Voices: Don't ignore signs of progress in Cuba
Alan Gomez, USA TODAY 1:19 p.m. EDT May 20, 2015
MIAMI — Cuban President Raúl Castro caused quite a stir at the Vatican
this month when the Communist leader said he was so impressed by Pope
Francis that he was considering returning to the Catholic Church.
In Cuban-American corners of the United States, many responded with the
same level of cynicism that accompanies any hint at political
liberalization from Castro. It was the same level of suspicion that
constantly hovered over his now-retired brother, Fidel, anytime he
cracked the door open to greater freedom on the island.
But let's consider the possibility that maybe, just maybe, Raúl Castro
is truly changing.
Just writing that sentence is going to get me in trouble. Some Cubans
who fled the Castro regime will call me naive, arguing that he is just
doing what he needs to do to maintain his tyrannical rule over the
island. Some Cubans who have remained will say they continue living in
poverty with little hope of improvement. Heck, I'm worried what my own
relatives are going to scream at me next time I see them.
I also understand why they refuse to trust the Castro brothers. My
parents were forced to flee Cuba in the early years of the Castros'
revolution, stripped of their homes, their clothes, just about
everything. I never met my grandfather because he spent 30 years as a
political prisoner, losing a foot in the prison's squalor and eventually
his life. I can't have a conversation with my relatives who remain on
the island without learning about some new injustice, some new roadblock
to bettering their lives.
Still, when I look at what's happened on the island since Raúl Castro
took over for his ailing brother in 2006, I can't help but see a sliver
It was Raúl, after all, who first allowed Cubans to own microwaves,
cellphones and computers, no small feat in a country where those items
had long been restricted. It was Raúl who started breaking down the
basic Communist concept of communal property, allowing Cubans to own
homes, to buy and sell cars, to operate a Cuban version of eBay. He
eliminated the despised exit visa every Cuban had to get from the
government before traveling abroad.
Fidel spent years defending the state-run, centrally planned economy,
but Raúl has started changing that, too. There are now 500,000 private
entrepreneurs in Cuba working on their own, paying taxes and hiring
Political persecution remains, and the government continues imprisoning
dissidents who speak out against the regime. But there is also a
burgeoning class of independent writers and journalists who are openly
expressing their views of the government without constant trips to their
Fidel would spend hours talking about the injustices rained upon his
island by the Yankee imperialists to the north. And while Raúl regularly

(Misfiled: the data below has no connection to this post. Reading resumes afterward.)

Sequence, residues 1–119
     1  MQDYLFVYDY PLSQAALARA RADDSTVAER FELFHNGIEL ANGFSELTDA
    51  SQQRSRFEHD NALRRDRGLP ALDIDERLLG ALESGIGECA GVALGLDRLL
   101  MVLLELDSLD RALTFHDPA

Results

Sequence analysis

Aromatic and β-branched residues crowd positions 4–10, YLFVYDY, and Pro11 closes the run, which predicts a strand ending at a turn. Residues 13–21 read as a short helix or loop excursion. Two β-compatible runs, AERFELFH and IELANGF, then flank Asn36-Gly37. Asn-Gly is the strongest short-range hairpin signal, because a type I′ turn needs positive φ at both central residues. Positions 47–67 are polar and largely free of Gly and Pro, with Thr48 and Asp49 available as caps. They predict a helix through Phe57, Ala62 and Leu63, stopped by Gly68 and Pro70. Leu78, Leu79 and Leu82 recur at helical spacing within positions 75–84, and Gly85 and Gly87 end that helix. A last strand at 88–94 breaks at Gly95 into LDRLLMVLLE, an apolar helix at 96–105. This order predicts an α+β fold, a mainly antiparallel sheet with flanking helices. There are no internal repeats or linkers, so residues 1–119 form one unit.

echoes those sentiments, he has now shaken President Obama's hand twice,
agreed to reestablish diplomatic relations with the U.S. and released
two American prisoners as part of the historic deal. The two sides are
closing in on an agreement to reopen full embassies in Washington and
Havana, each country's flag flying out front.
Raúl has even opened the door to the island's long-dormant religious
sector. For decades, you had to practice your religion quietly. The
government has now allowed for the construction of the first church in
decades, Raúl has had his visit with Pope Francis, and the pope is
scheduled to visit the island in September.
None of that changes the fact that Cuba remains an insular government
controlled by a tiny elite. The idea of free and fair elections is
impossible in a country where only one political party — the Communist
Party — is allowed. The country still employs Committees for the Defense
of the Revolution, people living on each block whose sole job is to
watch, and report on, what their neighbors are doing.
There is no semblance of a fair judicial system, the vast majority of
people still have to rely on the government for work and sustenance, and
Cubans simply cannot band together and effect change on their government.
But when you consider that the U.S. works with foreign leaders who have
equally brutal records on a daily basis, I don't understand why we so
often view the Castros in pure black and white. We focus on their
selfish intentions but ignore how their recent actions are actually
changing the lives of the people of Cuba.
I'm not saying we should submit Raúl Castro's name for a Nobel Peace
Prize. I just think that now, as the debate over our relationship with
Cuba heats up as we approach full diplomatic status, it's time to start
taking an objective look at the changes he's making on the island and
Gomez, USA TODAY's Miami-based correspondent, writes frequently about Cuba.
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